Fortunately, we have the blessing and pleasure to have met a local family who has 11 children adopted from China, Bulgaria, and Vietnam: the children from Vietnam were adopted at a "older" age, and retain a love for the culture as well as having retained some of the language...these children are excited to know we are adopting from Vietnam and we hope to create stronger friendship ties with this family as time goes on (we met at the FCA CNY party this year).

While still not the ideal held up by the "experts in the field", we are reasonably confident that, all things considered, we are in the best place possible for us to be at this time. I take comfort in responses such as E (go click on "Looking for George" and read her post on this topic- I am too technically ignorant to put the link in the blog itself) reminding me to take a common sense approach to this issue and to not lose sight of the big picture- the primary importance being our children's needs and being, for lack of a better term, a "happy family."

**Oh, and one final question in relation to this topic: anyone have any experience or knowledge about culture camps? Do you plan on attending one? Why, or why not?

Wednesday, February 21, 2007

Transracial Adoption- Food for Thought

Excerpt from The Morality of Adoption: Social-Psychological, Theological, and Legal Perspectives:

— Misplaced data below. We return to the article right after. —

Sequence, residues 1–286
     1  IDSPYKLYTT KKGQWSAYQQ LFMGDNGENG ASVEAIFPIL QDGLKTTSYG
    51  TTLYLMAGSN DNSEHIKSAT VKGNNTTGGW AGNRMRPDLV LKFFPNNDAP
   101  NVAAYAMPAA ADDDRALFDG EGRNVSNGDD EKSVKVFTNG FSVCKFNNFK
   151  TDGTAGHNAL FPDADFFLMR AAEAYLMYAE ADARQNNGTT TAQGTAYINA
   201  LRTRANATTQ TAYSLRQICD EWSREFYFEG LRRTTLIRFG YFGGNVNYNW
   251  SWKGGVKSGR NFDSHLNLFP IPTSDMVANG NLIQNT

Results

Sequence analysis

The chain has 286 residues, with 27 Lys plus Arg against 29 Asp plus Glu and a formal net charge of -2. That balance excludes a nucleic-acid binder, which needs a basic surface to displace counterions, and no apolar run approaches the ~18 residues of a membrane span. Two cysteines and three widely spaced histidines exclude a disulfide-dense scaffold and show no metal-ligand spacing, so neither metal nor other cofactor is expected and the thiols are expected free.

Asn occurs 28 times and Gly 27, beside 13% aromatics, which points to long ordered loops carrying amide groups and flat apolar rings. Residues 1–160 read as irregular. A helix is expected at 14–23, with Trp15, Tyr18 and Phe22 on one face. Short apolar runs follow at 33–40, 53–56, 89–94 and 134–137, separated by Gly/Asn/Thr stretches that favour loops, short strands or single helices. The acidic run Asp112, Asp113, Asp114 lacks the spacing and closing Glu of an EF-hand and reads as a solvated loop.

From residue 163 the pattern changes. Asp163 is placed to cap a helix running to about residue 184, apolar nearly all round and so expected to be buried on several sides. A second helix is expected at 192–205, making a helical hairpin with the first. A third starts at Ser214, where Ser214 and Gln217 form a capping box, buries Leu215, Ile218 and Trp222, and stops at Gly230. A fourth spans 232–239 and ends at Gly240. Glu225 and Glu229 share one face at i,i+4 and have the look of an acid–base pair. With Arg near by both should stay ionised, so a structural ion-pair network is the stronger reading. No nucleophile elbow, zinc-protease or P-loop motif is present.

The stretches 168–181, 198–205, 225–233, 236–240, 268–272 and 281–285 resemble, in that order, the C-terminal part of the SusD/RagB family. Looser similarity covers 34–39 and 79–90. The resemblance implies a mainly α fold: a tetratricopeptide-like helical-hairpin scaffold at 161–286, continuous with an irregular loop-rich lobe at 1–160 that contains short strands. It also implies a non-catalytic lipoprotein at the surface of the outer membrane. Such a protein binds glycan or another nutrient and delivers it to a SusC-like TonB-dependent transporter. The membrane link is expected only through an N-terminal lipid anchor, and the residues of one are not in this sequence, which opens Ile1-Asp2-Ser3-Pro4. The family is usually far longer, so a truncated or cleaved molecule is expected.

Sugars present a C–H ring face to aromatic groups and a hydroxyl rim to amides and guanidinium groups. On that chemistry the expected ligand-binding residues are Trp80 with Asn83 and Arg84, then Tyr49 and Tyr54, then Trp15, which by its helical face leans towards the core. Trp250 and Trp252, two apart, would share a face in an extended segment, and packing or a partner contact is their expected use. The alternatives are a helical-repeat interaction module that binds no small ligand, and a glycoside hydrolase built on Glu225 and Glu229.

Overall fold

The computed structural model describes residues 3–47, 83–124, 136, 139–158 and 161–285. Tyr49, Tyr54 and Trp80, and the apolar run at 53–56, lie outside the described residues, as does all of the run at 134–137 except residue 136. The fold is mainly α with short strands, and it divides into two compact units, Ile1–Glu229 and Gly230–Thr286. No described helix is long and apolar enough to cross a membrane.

"We must acknowledge, however, that a critical consciousness about race and racism has to be learned. It is possible, and is indeed quite common, for White people to grow up in the United States with little or no contact with people of color, no suggestion that social reality is perceived differently from social locations other than their own, and/or no awareness that racism still operates at multiple levels in contemporary society. In fact, many of the messages aimed at Whites in mainstream public discourse support and foster the view that racial inequality was eradicated by the civil rights movement, and that the United States is a "color blind" society....When transracially adoptive parents take the opportunity to educate themselves and their children, to (re) locate their families to racially diverse communities, and to grapple with the sticky, often painful, issues that arise in multicultural families, their children benefit tremendously. Indeed, this is a critical factor for transracial adoptees. [ p86]